According to pharmacy records obtained by the DEA, large numbers of prescriptions have been issued by the doctor for oxycodone pills in the names of several of the defendants, as well as their relatives.
In May and June 2012, a wiretap was conducted on Richard Rublowitz’s cell phone. Numerous conversations were recorded on the wiretap between Richard Rublowitz and the other defendants named in the complaint. The wiretap calls between Richard Rublowitz and Randy Binder (who is a pharmacist at the Texas Road Pharmacy at 300 Gordon’s Corner Road in Manalapan) revealed that Randy Binder would illegally distribute oxycodone and other pharmaceutical pills to Richard Rublowitz and other co-conspirators in exchange for cash and other non-monetary compensation. Rublowitz gave hockey playoff tickets to Binder in exchange for pills. Binder would meet Richard Rublowitz and other co-conspirators in the parking lot of Texas Road Pharmacy to provide them with pills or would leave the pills in a car in the parking lot, which the co-conspirators would then pick up. Binder would also accept prescriptions which he knew to be either counterfeit or stolen.
The wiretap calls between Richard Rublowitz and the other co-conspirators revealed that the conspirators would obtain oxycodone pills from Binder and from other pharmacies in New Jersey and then ship the pills to Myrtle Beach, where they would be distributed and sold by the Rublowitz family. Between August 2009 and May 2012, approximately 190 separate FedEx and UPS packages were mailed by several of the defendants from New Jersey to the Myrtle Beach residences of co-defendants and were also received by co-defendants at a FedEx pickup store. One of these packages was intercepted on December 16, 2011, during a random spot-inspection and was found to contain 379 oxycodone pills. The wiretap calls also revealed that Justin and Jackie Rublowitz would manufacture counterfeit prescriptions at their home in South Carolina, which Richard Rublowitz and other co-conspirators would use in New Jersey to obtain pills.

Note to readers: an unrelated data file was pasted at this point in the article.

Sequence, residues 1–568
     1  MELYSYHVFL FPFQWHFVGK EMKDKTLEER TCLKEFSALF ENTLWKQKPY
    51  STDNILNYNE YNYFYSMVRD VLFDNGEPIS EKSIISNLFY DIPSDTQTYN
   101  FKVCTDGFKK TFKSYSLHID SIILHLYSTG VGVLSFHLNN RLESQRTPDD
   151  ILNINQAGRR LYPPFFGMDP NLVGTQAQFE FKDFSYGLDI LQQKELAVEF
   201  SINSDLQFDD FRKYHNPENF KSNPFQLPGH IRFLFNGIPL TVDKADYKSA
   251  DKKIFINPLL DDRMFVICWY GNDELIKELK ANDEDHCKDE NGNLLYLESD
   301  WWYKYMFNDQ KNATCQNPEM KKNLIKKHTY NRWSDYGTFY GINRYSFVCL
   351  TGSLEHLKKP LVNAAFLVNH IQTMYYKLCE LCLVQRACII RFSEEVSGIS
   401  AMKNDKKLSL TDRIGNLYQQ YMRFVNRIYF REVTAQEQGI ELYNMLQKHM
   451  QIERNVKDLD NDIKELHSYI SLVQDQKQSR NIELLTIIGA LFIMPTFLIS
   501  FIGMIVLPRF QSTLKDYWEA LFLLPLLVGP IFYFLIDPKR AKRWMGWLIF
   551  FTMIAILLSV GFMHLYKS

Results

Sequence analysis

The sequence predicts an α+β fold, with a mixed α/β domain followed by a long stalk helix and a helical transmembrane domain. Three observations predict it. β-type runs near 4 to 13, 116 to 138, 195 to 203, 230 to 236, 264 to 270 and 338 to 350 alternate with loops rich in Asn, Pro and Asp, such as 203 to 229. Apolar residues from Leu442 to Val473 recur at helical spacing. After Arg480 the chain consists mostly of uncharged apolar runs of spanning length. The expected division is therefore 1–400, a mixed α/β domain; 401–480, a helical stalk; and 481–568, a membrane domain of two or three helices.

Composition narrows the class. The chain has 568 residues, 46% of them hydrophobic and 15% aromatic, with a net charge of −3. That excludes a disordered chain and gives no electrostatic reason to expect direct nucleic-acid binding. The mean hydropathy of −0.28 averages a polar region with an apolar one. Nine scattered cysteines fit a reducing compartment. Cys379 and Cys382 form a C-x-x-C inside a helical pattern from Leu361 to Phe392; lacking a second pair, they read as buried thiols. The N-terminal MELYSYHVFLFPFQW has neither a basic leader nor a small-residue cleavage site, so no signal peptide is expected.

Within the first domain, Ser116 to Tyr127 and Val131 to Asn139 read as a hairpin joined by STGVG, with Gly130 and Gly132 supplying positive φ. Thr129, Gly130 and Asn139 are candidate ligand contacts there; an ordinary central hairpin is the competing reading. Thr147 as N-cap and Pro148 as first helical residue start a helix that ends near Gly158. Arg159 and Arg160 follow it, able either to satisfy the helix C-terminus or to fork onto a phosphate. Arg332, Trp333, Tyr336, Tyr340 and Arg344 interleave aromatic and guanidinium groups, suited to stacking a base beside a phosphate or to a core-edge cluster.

The conspiracy count with which the defendants are charged is punishable by a maximum potential penalty of 20 years in prison and a $2 million fine.
U.S. Attorney Fishman credited the New Jersey DEA Tactical Diversion Squad and the FBI with the investigation leading to arrests. The DEA Tactical Diversion Squad is composed of DEA special agents, under the direction of Special Agent in Charge Brian R. Crowell, diversion investigators and intelligence analysts; special agents of the FBI, under the direction of Special Agent in Charge Michael B. Ward, and IRS-Criminal Investigation, under the direction of Special Agent in Charge Victor W. Lessoff; and local law enforcement officers. He also thanked the Deputy U.S. Marshals who assisted in the arrests.
The government is represented by Assistant U.S. Attorneys Jonathan W. Romankow and R. Joseph Gribko and Special Assistant U.S. Attorney Tino Lisella.
The charge and allegations contained in the complaint are merely accusations, and the defendants are considered innocent unless and until proven guilty.